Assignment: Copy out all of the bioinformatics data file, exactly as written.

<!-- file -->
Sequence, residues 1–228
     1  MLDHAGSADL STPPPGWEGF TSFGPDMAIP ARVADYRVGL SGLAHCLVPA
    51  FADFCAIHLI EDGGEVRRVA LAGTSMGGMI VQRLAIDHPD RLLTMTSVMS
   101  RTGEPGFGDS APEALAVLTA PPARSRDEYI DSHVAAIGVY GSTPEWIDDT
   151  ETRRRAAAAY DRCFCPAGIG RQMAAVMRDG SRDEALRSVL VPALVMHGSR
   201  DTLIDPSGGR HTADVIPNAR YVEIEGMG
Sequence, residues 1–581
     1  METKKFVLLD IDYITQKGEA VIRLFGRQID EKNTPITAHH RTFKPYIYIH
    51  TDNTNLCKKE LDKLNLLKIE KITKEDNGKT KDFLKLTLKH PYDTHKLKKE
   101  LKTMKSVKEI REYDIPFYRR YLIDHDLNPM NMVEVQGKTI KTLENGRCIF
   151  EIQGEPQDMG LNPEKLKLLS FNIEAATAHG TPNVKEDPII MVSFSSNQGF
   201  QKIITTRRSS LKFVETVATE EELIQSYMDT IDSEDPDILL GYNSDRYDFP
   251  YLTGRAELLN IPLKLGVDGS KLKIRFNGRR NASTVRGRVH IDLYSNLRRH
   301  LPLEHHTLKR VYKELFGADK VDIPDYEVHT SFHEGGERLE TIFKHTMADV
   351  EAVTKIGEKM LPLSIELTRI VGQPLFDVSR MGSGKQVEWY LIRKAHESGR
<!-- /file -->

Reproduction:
Sequence, residues 1–228
     1  MLDHAGSADL STPPPGWEGF TSFGPDMAIP ARVADYRVGL SGLAHCLVPA
    51  FADFCAIHLI EDGGEVRRVA LAGTSMGGMI VQRLAIDHPD RLLTMTSVMS
   101  RTGEPGFGDS APEALAVLTA PPARSRDEYI DSHVAAIGVY GSTPEWIDDT
   151  ETRRRAAAAY DRCFCPAGIG RQMAAVMRDG SRDEALRSVL VPALVMHGSR
   201  DTLIDPSGGR HTADVIPNAR YVEIEGMG
Sequence, residues 1–581
     1  METKKFVLLD IDYITQKGEA VIRLFGRQID EKNTPITAHH RTFKPYIYIH
    51  TDNTNLCKKE LDKLNLLKIE KITKEDNGKT KDFLKLTLKH PYDTHKLKKE
   101  LKTMKSVKEI REYDIPFYRR YLIDHDLNPM NMVEVQGKTI KTLENGRCIF
   151  EIQGEPQDMG LNPEKLKLLS FNIEAATAHG TPNVKEDPII MVSFSSNQGF
   201  QKIITTRRSS LKFVETVATE EELIQSYMDT IDSEDPDILL GYNSDRYDFP
   251  YLTGRAELLN IPLKLGVDGS KLKIRFNGRR NASTVRGRVH IDLYSNLRRH
   301  LPLEHHTLKR VYKELFGADK VDIPDYEVHT SFHEGGERLE TIFKHTMADV
   351  EAVTKIGEKM LPLSIELTRI VGQPLFDVSR MGSGKQVEWY LIRKAHESGR